While Awi Suryadi probably isn’t a name that North American horror fans immediately recognize, it’s a name that you should remember. Suryadi impressed with his debut horror film, BADOET [Reivew], and now he’s preparing to release his highly-anticipated follow up, DANUR, in Indonesian cinemas later this month.

Given Suryadi’s eye for beautifully composed cinema and his ability to achieve his trademark aesthetic on a fairly limited budget, we’re expecting big things not only from DANUR, but from his future career in the genre space as a whole (and we know a thing or two about calling early standouts).

We were lucky enough to catch up with Awi earlier this week to talk about DANUR: I Can See Ghosts. Here’s what he had to say:





The trailer for your first film, Badoet, has received over a million views on Youtube. For those that have seen that film, what sort of similarities are there between it and DANUR?

They are quite different actually. The story is more family-oriented with Danur, and I made a conscious decision to give Danur a more traditional horror take. Similarities with Badoet I’d say both are claustrophobic that they have minimum locations, and children once again are the victims.

Do you prefer to make films that stay in the supernatural realm as opposed to a more visceral take on reality?

It’s not a personal preference. It just so happens local audience here are more attracted to supernatural realm.

In Badoet, you were able to cast Christoffer Nelwan in one of your leading roles, and that seemed to get a lot of people outside of the “horror bubble” interested. This time you cast Prilly Latuconsina as your lead actress. How did you and Prilly become acquainted and when did you know she was the right one for DANUR?

Prilly and I were introduced by the studio. She is a huge tv star and therefore she was one of the very few names that the studio had picked for me to choose as the lead. We talked maybe for about an hour, and I could tell that she is a smart and serious actor; more so than what some people might give her credit for. And having an indigo cousin, the whole idea of having supernatural abilities is not foreign to her. Plus she’s a horror fan herself. I can’t wait for people to see her as Risa in Danur, I think people will be surprised.





DANUR is based on the novel "Gerbang Dialog Danur". Is this a novel that you read and wanted to adapt or was it pitched to you by someone else?

The studio had already acquired the rights of the novel when they got me involved. I was sent the novel before anything else, and I finished reading it in a day. There's no way I would say no to telling a true story of a girl's friendship with five ghosts. 

Speaking of DANUR... what's up with that name? I hear it roughly translates to "corpse juice", and that's awesome... but super gross. Does that translation come into play in the movie itself?

Yes. As told in the novel, the smell of Danur is what Risa detects whenever she sees ghosts.

Many people, myself included, feel like you have an eye that far exceeds your experience in genre film. How important of a role do you feel proper cinematography plays in horror films?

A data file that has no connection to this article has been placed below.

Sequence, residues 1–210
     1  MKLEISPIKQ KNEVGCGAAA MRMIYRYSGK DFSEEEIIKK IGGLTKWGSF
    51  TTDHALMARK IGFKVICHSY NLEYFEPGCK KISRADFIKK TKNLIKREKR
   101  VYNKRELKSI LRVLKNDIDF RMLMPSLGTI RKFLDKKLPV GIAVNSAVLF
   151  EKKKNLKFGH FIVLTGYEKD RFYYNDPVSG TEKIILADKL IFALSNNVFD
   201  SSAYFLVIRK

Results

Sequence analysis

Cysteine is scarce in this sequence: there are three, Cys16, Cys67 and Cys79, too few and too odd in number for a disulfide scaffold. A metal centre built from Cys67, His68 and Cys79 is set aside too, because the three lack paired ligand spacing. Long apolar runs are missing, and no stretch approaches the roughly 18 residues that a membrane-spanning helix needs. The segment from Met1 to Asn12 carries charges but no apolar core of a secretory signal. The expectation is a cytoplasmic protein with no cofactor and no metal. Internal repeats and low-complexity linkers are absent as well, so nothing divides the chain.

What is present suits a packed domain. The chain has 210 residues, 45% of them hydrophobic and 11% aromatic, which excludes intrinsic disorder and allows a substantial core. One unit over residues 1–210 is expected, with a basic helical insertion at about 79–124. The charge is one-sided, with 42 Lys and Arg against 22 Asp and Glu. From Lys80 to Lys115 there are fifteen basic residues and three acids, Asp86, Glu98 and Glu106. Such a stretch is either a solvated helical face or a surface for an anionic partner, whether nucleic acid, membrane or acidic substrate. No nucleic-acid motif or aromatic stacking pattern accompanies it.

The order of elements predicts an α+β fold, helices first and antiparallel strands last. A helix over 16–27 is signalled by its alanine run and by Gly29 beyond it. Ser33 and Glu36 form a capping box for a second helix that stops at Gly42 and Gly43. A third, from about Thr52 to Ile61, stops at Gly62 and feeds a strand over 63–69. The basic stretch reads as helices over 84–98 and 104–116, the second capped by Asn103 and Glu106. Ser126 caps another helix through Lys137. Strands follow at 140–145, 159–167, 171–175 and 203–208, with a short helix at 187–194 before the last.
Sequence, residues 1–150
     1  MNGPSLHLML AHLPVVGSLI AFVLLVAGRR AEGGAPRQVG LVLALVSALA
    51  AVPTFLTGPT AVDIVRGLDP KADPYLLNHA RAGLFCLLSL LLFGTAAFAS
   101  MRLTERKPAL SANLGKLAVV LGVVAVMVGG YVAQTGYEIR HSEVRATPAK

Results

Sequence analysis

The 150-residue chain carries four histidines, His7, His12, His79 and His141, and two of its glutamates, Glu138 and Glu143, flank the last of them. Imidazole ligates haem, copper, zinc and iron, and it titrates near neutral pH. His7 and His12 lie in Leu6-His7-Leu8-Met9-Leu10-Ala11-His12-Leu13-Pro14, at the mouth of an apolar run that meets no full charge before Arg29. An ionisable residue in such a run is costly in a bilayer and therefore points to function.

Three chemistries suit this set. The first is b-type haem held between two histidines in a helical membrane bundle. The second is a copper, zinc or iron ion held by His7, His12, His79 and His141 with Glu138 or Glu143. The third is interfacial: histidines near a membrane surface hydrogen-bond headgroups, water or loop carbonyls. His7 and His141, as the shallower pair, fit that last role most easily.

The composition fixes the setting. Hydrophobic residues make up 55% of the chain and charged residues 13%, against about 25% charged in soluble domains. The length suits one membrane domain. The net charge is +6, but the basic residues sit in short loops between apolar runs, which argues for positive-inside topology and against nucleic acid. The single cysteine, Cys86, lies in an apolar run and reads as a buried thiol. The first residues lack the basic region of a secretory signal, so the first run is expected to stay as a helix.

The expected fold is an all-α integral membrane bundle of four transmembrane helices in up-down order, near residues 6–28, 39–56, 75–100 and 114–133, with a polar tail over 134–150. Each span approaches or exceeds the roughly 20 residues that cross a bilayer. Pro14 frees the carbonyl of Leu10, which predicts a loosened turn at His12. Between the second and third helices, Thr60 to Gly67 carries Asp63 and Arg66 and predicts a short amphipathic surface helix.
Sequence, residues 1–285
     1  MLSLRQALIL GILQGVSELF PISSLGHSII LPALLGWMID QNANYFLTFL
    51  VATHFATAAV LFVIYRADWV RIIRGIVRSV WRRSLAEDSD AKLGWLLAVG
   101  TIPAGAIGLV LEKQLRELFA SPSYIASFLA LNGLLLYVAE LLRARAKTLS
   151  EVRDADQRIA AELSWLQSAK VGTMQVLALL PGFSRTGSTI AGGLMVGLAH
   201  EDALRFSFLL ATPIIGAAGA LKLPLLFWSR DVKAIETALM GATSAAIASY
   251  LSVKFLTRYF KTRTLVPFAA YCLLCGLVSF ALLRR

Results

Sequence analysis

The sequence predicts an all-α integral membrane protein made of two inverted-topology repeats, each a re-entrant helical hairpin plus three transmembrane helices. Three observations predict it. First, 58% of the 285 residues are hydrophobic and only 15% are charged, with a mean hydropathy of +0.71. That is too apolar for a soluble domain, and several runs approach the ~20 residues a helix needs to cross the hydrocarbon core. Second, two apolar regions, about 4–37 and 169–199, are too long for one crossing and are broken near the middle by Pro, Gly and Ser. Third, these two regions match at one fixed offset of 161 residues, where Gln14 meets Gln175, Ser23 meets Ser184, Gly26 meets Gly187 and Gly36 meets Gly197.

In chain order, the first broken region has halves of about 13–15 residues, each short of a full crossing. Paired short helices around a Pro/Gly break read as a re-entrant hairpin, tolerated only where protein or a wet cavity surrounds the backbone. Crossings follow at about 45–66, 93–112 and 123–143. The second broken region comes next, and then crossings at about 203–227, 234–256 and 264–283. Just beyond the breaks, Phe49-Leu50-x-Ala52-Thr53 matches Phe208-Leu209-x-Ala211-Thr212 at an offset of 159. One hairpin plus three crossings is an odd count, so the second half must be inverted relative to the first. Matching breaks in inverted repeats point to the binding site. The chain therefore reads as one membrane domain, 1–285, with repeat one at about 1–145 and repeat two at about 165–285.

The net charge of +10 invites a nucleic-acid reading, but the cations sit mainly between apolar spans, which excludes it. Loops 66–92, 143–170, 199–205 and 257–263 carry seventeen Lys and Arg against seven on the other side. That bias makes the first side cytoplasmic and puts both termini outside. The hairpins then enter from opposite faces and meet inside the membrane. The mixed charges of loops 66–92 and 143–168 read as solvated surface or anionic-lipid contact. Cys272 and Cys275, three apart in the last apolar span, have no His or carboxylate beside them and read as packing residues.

Cinematography (including camera tricks), I feel has the biggest importance in horror films compared to other genres. That's why I spend more time with my cinematographers in horror films compared to my other projects. The shots are more carefully planned and more precise.

What kind of scares can we expect in DANUR and what rating do you expect the film to have when it hits theaters later this month?

Expect all the kinds of scares that you like in a horror film! Even Shareefa Danish was scared to look at herself in the mirror whenever she was in full make-up. As for rating, we haven't submitted to the censor board yet. I'm keeping my fingers crossed that I don't have to cut anything.





You've been working a bit in the TV space as well. Do you prefer one production process over the other?

Unfortunately, I feel there are too many restrictions in the TV space here. I don't mind the different process. In any production, there's always something new that I learn. But if I had to pick one, I'd pick film projects any time. 

What are the odds that horror fans in North America can enjoy DANUR for themselves in 2017?

I can only say that the studio is currently waiting to hear from a distribution company in the US. Keeping my fingers crossed!

What's next for you?

Next is a biopic on one of the most important figure in child education here in Indonesia. No jump scares here.

You bounce around a lot between genres, which is uncommon for most people that make horror films. Do you feel that gives you an advantage? Do you prefer doing one genre over another?

I do feel that gives me an advantage. Any filmmaking process is a learning experience for me. Any time spent (preferably paid time haha) on a movie set, shooting a movie regardless what genre it is, is an opportunity to broaden my skills as a storyteller.

I do prefer the horror genre over another at the moment. Maybe because it's more universal compared to other genres.

Thanks, Awi! Lastly, I think you have a brand new poster for DANUR to share with us, so let's see it!

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